3. The testimony to the resurrection is accepted by people other than the professing eyewitnesses, and is still considered credible decades later (1 Corinthians 15:1).

4. The testimony to the resurrection is from multiple sources. Paul mentions hundreds of people (1 Corinthians 15:5-8).

5. The testimony to the resurrection is detailed. Paul names people and mentions identifiable groups, he mentions witnesses in their chronological order (“then”, “after that”, and “last of all” in 1 Corinthians 15:5-8), and he knows what proportion of the witnesses are still living (1 Corinthians 15:6).

6. The testimony to the resurrection comes from eyewitnesses. Paul was an eyewitness (1 Corinthians 15:8), and other eyewitnesses were giving their testimony (1 Corinthians 15:11).

7. The testimony to the resurrection comes not only from individual experiences, but also from group experiences. Hallucinations are individual experiences, but the apostles saw the risen Jesus together, as did more than 500 people at once (1 Corinthians 15:5-7).

8. The testimony to the resurrection doesn’t just come from people who were already believers when they saw the risen Jesus (1 Corinthians 15:9).

9. The testimony to the resurrection is given realistically. Paul understood the significance of what he was asserting (“of first importance” in 1 Corinthians 15:3 and 1 Corinthians 15:14-19).

10. The testimony to the resurrection was given by people willing to suffer for what they were testifying to (1 Corinthians 15:30-32).

11. The testimony to the resurrection is continually updated, even decades after it originated. Even about two to three decades after the resurrection occurred, Paul was following the lives of the other resurrection witnesses so closely that he knew that a majority of the more than 500 people he mentions were still living, though some had died (1 Corinthians 5:6). Apparently, Paul was being careful with the data he was citing and was continually thinking about it and rethinking it. He wasn’t being careless.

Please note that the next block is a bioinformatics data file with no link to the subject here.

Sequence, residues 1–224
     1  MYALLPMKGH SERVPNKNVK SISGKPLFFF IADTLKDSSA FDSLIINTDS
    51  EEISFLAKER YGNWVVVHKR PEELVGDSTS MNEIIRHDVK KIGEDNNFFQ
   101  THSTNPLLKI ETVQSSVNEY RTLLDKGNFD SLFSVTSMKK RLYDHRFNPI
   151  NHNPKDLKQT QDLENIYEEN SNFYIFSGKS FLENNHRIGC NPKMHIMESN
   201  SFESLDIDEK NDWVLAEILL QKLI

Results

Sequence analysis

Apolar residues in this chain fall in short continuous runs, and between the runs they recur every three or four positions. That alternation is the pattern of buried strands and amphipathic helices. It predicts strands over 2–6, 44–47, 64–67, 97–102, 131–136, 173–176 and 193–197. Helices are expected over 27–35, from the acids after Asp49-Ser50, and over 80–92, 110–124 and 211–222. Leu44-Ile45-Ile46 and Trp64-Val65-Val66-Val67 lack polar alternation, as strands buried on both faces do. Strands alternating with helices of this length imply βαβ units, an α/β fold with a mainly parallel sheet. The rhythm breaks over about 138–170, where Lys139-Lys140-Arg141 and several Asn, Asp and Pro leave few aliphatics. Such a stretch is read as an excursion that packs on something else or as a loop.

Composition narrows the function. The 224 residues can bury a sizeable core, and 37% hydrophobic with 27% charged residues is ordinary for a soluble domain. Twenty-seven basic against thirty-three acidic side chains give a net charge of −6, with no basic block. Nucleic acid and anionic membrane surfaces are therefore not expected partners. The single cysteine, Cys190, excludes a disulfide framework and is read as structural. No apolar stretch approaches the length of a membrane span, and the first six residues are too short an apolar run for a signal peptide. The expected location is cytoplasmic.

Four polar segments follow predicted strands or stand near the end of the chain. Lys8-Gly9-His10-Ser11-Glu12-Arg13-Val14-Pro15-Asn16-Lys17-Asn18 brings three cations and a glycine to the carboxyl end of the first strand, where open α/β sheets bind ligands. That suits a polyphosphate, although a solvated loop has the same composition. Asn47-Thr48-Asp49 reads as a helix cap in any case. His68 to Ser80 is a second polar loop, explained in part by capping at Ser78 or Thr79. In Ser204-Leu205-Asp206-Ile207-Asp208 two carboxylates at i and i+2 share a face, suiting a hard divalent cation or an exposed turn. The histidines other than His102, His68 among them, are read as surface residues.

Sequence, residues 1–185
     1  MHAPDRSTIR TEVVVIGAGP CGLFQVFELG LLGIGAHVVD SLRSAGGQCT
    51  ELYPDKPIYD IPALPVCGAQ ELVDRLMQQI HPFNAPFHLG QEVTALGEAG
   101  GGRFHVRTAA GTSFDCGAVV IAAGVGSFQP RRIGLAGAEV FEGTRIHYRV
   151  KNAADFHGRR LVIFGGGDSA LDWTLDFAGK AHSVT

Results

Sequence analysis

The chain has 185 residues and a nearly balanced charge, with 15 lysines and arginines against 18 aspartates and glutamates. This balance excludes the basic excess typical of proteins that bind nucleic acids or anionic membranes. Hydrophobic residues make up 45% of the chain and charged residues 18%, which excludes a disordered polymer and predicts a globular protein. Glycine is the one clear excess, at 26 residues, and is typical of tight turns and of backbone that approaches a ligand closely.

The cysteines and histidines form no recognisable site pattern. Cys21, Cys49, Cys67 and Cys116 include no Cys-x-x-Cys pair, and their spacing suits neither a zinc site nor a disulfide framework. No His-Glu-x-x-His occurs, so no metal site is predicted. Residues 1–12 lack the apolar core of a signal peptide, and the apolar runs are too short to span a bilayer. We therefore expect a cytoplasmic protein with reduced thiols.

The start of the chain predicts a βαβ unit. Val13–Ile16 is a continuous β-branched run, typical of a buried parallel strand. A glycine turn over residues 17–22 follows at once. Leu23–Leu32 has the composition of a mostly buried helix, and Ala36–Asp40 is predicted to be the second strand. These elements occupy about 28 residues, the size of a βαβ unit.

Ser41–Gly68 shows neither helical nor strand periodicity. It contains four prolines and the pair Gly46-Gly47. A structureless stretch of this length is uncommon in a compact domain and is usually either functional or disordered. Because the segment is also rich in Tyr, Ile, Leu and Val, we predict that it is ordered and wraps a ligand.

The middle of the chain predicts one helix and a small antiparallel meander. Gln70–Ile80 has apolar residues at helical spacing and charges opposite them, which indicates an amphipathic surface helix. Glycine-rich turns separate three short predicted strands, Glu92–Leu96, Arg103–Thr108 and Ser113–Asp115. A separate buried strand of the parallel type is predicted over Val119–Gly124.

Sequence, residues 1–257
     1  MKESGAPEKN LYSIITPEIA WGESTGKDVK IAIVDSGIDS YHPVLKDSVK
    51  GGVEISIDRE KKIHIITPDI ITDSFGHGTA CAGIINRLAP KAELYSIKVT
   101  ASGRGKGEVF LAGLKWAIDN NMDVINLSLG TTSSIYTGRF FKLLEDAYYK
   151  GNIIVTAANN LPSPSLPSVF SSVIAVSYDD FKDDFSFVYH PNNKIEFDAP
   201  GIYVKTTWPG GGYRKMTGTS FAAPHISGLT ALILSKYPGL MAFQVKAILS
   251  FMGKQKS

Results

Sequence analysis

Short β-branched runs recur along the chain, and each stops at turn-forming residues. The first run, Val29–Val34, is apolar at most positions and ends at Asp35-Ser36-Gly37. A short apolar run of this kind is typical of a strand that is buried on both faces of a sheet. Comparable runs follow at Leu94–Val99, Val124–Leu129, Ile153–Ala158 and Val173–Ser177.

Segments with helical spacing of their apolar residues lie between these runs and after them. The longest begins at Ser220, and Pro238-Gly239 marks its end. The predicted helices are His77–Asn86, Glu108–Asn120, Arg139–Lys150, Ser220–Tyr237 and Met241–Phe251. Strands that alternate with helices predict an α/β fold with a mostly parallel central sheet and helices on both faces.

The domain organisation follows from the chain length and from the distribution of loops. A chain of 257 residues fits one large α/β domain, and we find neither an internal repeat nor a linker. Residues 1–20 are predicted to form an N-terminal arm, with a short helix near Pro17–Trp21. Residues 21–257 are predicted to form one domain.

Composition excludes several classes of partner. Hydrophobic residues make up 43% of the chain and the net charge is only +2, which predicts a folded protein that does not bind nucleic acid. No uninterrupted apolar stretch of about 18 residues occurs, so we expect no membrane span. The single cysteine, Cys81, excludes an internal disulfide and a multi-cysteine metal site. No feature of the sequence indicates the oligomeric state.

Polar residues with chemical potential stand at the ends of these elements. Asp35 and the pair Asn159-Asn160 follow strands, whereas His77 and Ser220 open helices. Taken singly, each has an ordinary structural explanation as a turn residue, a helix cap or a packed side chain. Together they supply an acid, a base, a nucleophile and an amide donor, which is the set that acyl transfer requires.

12. The testimony to the resurrection is unified. Whatever false views non-leaders in the early church may have adopted, the leaders of the church, including Jesus’ closest disciples, were agreed in what they were teaching on the subject (1 Corinthians 15:11).

All of these facts and others can also be derived from other early Christian sources. But even from 1 Corinthians alone, especially chapter 15, a document that both liberals and conservatives accept as early and as written by Paul, we can dismiss many popular arguments against the traditional Christian view of Jesus’ resurrection. The claim that the resurrection belief came from unhistorical legends that gradually developed over time is refuted by the earliness of 1 Corinthians and the creed of 1 Corinthians 15. The theory that the witnesses of the risen Christ were hallucinating is contradicted by the realism and carefulness of Paul’s testimony and the fact that Jesus sometimes appeared to multiple people at once. Other skeptical theories likewise can’t survive the scrutiny of this one passage, much less the combined scrutiny of all of the evidence.